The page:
As Carol Gaab would say, our brains crave novelty! We need new experiences to remain engaged. She shared this assessment (or something like it, at least) with us at our most recent TPRS course webinar.
Divide students into pairs (working with shoulder partner is preferable). If there is an odd number, one group can have three people.
Assign an A and B student in each pair by giving a random criteria (the person with the longest hair is “A”, for example). In the group of three (if it exists), two students can be “A”.
Ask your first question. Partner A will answer the question by WHISPERING the answer to Partner B, and Partner B transcribes his or her answer. Partner A may check to make sure that the transcription is accurate.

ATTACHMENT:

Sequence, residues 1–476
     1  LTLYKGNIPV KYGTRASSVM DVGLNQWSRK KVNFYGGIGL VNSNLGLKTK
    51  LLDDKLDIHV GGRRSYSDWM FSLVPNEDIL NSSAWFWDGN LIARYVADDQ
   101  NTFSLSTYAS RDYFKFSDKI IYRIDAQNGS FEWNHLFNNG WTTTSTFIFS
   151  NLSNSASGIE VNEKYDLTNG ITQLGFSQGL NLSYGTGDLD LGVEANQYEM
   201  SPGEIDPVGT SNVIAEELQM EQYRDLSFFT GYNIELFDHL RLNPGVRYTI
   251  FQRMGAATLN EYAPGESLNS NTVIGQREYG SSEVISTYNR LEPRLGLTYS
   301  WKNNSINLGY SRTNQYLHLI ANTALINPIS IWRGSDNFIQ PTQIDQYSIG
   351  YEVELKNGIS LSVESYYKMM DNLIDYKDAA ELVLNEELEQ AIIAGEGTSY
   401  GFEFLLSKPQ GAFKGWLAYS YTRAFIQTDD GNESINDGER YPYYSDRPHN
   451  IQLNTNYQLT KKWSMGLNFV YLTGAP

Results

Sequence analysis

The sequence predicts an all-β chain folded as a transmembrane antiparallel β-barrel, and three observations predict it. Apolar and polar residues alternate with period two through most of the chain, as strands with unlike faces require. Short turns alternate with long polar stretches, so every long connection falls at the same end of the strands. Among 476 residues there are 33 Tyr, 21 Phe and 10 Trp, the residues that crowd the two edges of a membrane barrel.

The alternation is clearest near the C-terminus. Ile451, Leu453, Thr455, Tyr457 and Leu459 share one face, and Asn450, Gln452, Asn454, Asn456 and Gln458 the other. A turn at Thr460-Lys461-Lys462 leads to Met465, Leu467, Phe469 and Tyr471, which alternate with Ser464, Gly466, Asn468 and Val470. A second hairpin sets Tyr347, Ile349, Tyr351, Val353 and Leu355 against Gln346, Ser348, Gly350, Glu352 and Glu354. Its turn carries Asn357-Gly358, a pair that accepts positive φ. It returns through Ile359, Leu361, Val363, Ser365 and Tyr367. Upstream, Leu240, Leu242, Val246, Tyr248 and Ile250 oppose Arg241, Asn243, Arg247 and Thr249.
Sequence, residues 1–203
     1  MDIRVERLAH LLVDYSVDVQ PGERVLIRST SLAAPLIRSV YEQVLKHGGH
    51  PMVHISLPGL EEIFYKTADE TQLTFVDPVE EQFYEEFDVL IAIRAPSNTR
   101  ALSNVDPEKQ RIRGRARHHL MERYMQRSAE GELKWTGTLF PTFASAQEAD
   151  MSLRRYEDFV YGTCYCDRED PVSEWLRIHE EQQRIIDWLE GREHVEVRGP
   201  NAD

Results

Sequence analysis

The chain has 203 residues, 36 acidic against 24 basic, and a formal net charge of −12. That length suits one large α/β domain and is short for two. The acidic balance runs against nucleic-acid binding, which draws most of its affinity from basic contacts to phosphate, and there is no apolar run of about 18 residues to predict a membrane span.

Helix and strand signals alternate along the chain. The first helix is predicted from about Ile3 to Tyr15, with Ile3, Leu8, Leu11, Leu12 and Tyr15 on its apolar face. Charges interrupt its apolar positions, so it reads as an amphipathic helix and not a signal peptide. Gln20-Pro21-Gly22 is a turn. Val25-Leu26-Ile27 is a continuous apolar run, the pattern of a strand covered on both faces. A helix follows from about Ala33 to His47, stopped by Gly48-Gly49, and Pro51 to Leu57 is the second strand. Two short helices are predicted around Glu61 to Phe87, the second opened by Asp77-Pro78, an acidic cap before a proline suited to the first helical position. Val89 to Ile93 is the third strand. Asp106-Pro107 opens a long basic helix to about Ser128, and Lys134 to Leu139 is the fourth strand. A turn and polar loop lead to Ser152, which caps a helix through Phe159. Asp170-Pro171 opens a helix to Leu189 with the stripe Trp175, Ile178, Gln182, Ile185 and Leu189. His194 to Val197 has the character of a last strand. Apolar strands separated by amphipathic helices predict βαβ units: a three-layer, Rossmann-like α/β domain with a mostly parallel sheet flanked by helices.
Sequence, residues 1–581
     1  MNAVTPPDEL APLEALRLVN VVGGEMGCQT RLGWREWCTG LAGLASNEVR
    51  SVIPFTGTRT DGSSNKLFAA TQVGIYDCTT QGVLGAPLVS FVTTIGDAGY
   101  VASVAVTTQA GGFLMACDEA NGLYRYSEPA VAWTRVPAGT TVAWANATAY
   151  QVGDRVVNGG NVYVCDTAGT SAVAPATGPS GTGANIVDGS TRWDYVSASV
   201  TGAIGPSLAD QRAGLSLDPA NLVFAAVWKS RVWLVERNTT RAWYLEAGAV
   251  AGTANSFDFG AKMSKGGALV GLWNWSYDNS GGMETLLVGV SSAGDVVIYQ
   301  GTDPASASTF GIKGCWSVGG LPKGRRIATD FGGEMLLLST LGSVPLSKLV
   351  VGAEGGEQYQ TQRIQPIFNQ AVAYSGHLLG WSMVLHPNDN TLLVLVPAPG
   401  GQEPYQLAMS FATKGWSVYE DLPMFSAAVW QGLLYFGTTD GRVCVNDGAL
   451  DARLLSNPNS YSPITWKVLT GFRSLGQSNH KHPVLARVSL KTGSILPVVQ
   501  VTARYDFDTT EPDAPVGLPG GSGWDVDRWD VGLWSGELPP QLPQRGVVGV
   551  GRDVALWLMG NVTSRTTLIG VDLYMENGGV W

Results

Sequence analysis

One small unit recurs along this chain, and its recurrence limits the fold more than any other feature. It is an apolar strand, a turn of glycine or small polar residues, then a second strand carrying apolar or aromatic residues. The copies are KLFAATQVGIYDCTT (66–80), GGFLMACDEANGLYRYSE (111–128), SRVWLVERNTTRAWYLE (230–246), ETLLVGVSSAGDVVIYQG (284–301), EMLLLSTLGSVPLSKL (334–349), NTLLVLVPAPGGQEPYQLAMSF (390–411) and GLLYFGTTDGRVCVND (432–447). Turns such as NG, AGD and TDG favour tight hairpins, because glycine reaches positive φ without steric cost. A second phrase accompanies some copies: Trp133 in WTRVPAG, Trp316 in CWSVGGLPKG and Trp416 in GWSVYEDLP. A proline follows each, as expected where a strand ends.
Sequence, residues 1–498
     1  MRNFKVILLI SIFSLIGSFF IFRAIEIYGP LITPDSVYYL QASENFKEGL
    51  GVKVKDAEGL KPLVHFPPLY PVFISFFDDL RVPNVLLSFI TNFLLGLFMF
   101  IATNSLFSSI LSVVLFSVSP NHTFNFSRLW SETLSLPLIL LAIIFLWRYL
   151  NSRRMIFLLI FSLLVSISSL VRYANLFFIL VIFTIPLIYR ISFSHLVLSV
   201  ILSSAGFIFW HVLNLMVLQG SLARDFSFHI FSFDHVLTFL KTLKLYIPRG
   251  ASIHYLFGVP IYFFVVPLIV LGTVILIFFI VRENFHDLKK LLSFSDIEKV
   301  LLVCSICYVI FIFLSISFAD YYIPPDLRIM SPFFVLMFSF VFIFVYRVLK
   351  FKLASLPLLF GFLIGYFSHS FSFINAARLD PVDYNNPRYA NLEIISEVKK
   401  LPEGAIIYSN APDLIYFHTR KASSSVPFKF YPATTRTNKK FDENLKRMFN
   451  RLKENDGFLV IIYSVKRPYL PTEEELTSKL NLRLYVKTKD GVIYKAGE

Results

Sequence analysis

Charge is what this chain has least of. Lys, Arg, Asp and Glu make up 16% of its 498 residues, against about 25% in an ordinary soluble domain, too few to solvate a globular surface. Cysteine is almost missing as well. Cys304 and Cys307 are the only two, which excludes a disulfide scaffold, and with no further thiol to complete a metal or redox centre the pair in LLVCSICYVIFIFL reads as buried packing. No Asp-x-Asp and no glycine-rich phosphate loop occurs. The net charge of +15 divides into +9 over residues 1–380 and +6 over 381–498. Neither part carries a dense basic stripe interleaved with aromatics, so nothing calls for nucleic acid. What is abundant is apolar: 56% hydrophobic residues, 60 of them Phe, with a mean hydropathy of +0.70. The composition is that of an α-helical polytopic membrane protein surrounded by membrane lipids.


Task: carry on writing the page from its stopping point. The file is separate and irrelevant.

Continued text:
Ask the next question. Partner B will answer it, and Partner A transcribes his or her answer. Again, Partner B may check for accurate transcription.
Keep alternating until you have worked through all your questions. Make sure that the questions are equal in difficulty for each student. You may want to scaffold your questions, beginning with two simple questions, then two more challenging, and two even more challenging.
Each person writes the name of his or her partner on the paper and submits it.